Lee pushes back bullish target to early next year
Lee Shau-kee, a bullish stock investor, is less optimistic about the stock market as volatile trading prompts him to push back his call of the benchmark Hang Seng Index hitting 33,000 points to 'two to three months after the Lunar New Year' from the end of December.
The Henderson Land Development chairman changed his tune after the market slumped on negative news that the much-awaited 'through-train' investment plan allowing mainland individuals to directly invest in Hong Kong stocks, was delayed until the second quarter of next year.
In addition there was pressure from the crackdown on illegal funds and the capping of cash withdrawals from Shenzhen to prevent investors pumping funds illegally into the Hong Kong stock market.
Mr Lee also poured cold water on a prediction by Stanley Ho Hung-sun, chairman of rival developer Shun Tak Holdings, that the index would end the year at 40,000 points.
The Hang Seng Index plunged 3.95 per cent or 1,136.78 points, to 27,614.43 on Friday, ending the week 4.06 per cent lower.
'The recent stock slump shows the impact of the crackdown on illegal funds flowing into the Hong Kong market,' Mr Lee said after casting his vote in district council elections yesterday. 'Investors should be careful in trading because the market is very volatile and the central government may issue more macroeconomic measures.'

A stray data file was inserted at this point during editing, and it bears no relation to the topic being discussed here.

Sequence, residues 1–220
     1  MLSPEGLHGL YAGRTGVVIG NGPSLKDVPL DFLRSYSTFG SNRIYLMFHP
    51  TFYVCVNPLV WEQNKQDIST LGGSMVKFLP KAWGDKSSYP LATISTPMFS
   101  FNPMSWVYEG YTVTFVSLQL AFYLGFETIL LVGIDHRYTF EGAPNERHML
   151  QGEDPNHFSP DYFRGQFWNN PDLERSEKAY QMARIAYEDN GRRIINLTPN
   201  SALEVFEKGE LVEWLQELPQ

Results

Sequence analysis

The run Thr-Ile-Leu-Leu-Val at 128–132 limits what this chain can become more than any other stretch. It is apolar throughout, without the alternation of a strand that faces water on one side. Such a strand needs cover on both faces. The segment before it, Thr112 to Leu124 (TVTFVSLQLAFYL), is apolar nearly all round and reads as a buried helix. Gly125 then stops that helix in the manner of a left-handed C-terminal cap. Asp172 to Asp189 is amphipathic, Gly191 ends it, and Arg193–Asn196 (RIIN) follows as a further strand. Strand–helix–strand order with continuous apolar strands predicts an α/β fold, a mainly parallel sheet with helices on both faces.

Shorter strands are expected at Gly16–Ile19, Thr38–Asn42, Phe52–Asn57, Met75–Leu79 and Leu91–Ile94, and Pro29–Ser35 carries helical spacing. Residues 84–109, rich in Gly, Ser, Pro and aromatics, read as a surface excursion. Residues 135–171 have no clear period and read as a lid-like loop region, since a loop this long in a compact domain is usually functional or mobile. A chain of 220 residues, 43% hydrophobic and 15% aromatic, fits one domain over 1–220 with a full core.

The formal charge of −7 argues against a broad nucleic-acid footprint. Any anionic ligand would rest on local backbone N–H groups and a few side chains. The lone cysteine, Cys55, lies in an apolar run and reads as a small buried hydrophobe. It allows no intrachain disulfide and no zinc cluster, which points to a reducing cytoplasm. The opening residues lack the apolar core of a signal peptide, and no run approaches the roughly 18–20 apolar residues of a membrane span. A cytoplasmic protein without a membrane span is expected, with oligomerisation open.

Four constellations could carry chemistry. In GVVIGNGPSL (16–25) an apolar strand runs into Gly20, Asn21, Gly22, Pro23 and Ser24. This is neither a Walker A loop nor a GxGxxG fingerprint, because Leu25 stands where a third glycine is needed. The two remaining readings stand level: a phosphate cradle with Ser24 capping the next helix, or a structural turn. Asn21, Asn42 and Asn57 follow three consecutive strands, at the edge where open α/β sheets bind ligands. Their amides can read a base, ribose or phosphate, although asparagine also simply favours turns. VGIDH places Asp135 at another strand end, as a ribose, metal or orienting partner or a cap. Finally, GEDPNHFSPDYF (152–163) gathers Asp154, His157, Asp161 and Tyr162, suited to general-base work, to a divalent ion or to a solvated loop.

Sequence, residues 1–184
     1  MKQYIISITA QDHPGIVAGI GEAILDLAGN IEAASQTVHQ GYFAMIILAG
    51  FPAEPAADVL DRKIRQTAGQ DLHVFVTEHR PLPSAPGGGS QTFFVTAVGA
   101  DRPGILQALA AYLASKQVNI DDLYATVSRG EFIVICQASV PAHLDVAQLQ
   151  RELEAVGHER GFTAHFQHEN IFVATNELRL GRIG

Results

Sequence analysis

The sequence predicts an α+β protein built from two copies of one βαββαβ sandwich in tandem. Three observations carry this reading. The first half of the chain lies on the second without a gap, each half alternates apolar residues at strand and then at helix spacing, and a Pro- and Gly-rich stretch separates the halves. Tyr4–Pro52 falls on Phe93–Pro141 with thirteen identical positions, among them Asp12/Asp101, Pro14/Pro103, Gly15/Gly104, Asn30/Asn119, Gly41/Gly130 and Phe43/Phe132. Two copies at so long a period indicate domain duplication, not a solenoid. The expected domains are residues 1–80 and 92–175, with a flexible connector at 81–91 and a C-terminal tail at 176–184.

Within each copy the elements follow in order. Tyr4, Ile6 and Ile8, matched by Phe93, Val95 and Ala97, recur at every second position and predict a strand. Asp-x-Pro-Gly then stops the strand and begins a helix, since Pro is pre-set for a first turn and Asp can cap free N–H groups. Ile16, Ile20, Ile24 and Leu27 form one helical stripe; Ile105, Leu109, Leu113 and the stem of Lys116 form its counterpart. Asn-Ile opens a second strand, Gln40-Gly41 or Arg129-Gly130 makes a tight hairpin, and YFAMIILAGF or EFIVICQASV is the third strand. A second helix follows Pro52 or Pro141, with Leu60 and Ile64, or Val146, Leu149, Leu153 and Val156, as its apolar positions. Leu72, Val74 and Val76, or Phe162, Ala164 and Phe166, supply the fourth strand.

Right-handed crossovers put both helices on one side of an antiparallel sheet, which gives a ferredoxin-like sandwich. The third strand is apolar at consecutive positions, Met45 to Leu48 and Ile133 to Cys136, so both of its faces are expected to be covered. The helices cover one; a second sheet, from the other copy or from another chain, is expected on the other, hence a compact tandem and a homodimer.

VC CEF Brokerage director Louis Tse Ming-kwong said correction would be the theme of the Hong Kong stock market this week.
'The market is likely to open high but close low [today],' he said. 'Many investors dare not bottom-fish now, and expect to enter the market after more corrections.'
Mr Tse added that the selling pressure on H shares would be heavy under the shadow of Guangdong's clampdown on illicit money changers and limited bank withdrawals from Shenzhen. The H-share index tumbled 747.73 points or 4.28 per cent to 16.737.73 on Friday.
He said the market would be weighed down by a looming interest rate cut in the US and a credit crunch related to the subprime lending saga.